Like risotto, pizza is something I feel very strongly about. Living in Brooklyn almost all of my life, I kind of became a discriminate connoisseur when it comes to the heavenly crispy crust topped with melted cheese and sauce. 'A discriminate connoisseur' is perhaps a nice way of saying I am grossed out by non-Brooklyn pizza, and in fact, am shocked that people think pizza is a New York thing. It's not a New York thing, it's a Brooklyn thing, so respek!
Anyway, a few nights ago, I was surprised to see a new Domino's pizza commercial. Turns out, they are now selling 'Brooklyn-style' pizza. WTF?! (Shakes head) Why ruin a good thing? Why disillusion people into thinking they are eating Brooklyn-style pizza when they are in fact eating a gross fabrication of a gem?
This topic has been discussed already by Sliceny.com (of course, if any news related to pizza breaks, they're right on top of it), and also, quite surprisingly, by the New York Times. Instead of copying the article down below, and for fearing of being taken away by the NY Times police, I instead provide you with the link.
The writer of the NY Times article makes a good point; what exactly does Domino's think 'Brooklyn-style' pizza is. I mean, does Brooklyn, as opposed to the other boroughs, have its own take on the pizza. The answer, my answer, is YES! There is no pizza worth speaking of in New York unless it comes from Brooklyn. And I'm not talking about yuppie Brooklyn that is a 20-minute walk from Manhattan, I'm talking about the real Brooklyn -- Bay Ridge, Midwood, Bensonhurst, Sheepshead Bay. The crusts are crunchy, the cheese and the sauce are perfection, and these Brooklynites don't have the chutzpah to charge 2 bucks for a slice.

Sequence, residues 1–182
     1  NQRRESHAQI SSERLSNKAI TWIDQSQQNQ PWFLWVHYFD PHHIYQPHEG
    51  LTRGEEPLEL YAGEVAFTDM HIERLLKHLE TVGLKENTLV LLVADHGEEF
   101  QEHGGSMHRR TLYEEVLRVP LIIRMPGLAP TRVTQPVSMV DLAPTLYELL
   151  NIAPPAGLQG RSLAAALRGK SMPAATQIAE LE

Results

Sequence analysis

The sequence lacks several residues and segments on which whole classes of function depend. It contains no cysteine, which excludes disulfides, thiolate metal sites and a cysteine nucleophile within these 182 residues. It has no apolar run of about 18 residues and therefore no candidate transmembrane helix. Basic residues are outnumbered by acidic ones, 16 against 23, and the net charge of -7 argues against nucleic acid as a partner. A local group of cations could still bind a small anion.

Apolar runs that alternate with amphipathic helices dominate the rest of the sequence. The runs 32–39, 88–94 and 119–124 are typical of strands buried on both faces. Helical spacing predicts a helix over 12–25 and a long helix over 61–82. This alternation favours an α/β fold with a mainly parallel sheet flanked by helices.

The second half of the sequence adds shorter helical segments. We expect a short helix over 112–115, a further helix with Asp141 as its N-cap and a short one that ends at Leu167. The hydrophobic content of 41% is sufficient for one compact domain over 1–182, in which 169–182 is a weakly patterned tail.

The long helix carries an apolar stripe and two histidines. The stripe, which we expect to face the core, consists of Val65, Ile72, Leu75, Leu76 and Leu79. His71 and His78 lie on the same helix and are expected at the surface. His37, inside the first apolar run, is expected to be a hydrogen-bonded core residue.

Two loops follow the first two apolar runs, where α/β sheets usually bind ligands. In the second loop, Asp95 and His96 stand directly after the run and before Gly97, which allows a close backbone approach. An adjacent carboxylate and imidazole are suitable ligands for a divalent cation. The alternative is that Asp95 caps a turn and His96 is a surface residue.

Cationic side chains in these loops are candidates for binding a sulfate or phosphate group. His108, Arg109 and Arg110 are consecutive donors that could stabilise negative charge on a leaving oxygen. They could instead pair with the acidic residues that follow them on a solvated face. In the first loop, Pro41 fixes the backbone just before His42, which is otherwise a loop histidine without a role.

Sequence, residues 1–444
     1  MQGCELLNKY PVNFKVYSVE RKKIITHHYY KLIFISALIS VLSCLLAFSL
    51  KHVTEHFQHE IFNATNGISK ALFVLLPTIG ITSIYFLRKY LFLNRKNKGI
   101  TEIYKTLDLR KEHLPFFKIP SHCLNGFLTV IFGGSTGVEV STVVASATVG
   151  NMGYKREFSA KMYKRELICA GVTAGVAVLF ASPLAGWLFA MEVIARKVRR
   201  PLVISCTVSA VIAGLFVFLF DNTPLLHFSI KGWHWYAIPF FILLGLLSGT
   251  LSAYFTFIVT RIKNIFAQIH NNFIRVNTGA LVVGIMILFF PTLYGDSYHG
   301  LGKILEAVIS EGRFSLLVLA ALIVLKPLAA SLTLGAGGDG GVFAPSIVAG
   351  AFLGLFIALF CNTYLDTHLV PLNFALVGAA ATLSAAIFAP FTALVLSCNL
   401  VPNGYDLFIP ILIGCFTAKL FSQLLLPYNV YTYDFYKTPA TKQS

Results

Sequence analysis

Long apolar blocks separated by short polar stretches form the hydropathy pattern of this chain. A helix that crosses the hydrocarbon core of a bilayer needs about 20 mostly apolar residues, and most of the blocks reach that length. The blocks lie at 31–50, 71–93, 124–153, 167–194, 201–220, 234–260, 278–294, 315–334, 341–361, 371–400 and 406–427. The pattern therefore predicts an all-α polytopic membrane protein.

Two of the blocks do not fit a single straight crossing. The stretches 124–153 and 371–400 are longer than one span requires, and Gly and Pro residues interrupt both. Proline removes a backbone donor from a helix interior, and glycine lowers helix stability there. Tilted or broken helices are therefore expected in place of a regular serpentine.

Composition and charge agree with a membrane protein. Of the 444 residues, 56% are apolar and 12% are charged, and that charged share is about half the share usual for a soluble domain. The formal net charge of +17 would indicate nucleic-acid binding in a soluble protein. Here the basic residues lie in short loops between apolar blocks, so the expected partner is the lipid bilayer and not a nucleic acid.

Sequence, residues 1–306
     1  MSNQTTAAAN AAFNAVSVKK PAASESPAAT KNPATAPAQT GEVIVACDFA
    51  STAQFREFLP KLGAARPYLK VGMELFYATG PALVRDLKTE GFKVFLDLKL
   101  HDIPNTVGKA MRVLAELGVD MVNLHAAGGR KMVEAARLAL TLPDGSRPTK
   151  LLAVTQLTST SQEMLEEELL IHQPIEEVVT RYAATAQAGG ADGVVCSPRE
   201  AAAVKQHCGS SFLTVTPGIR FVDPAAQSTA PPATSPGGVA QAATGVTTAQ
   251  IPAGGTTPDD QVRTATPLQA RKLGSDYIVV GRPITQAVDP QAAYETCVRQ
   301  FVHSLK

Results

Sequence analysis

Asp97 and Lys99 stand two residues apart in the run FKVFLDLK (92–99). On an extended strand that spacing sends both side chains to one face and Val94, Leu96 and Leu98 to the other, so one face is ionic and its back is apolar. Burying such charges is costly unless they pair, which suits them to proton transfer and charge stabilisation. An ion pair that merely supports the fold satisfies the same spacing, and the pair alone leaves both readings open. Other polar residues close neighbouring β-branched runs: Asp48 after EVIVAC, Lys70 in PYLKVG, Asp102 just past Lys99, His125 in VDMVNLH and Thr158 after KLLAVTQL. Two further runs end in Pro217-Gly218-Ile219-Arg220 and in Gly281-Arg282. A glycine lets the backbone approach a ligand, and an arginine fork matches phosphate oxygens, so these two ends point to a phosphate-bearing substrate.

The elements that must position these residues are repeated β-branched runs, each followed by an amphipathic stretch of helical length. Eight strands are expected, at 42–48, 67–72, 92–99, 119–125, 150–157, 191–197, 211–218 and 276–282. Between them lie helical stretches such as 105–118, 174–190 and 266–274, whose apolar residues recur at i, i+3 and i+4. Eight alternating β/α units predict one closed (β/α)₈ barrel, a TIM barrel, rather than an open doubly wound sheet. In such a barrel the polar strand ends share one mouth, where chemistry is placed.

While I'm going off on a tangent, oh why not, I will say though that I do not stand with my other Brooklyn brethern with the opinion that Di Fara is one of the best pizzerias in New York, if not the country. Um, no, I don't think so! Why someone would want to wait 2 hours for a pie of pizza that is thin and greasy and has a burnt crust is beyond me. But, as my clever friend, Karen, has said, New Yorkers are sheep. They see other sheep heading, or rather herding, to one place, and they instantly follow. So so true! I have to admit to having a particular disdain with Di Fara because I grew up one block away from it. The 80's, the heyday of the pizza world, when slices were $1 and it wasn't 'cool' to scope out the pizza joints. Avenue J had only one pizzeria worth mentioning. I don't remember what it was called then, as it was bought by some Orthodox Jews, as were all the pizzerias, except for Di Fara, but surprisingly, the pizza never suffered from going Kosher. (I believe today it is called Pizza Time.) Those who have had Kosher pizza in other places will know what I mean! Anyway, Di Fara was the grossest pizzeria and even when I was a dough-eyed adolescent, I never understood why anybody would go in there. Now to read practically everywhere that it is the place to go to in New York is a bit weird. I mean, Avenue J couldn't get any more boring than it already is. But, perhaps, that's the charm.
So back to my point... which is what exactly??? I am not sure how I feel about Domino's marketing a Brooklyn-style pizza. I'm torn. I, like the woman in the NY Times article, Mrs. Ciminieri, feel that non-New Yorkers will like the pizza, and therefore, it will get rave reviews. But even if it miles better than what they could get in their hometowns, I am not sure if I want Americans thinking that the Domino's pseudo-version they are eating is actually what we eat in Brooklyn. It kind of gives us a bad rap. But then again, the rest of the country is seriously deprived when it comes to pizza. I guess they deserve something good for a change, even if it is not the best. So I'm channelling Mother Theresa here when I say, 'feed my children, feed them glorious pizza'.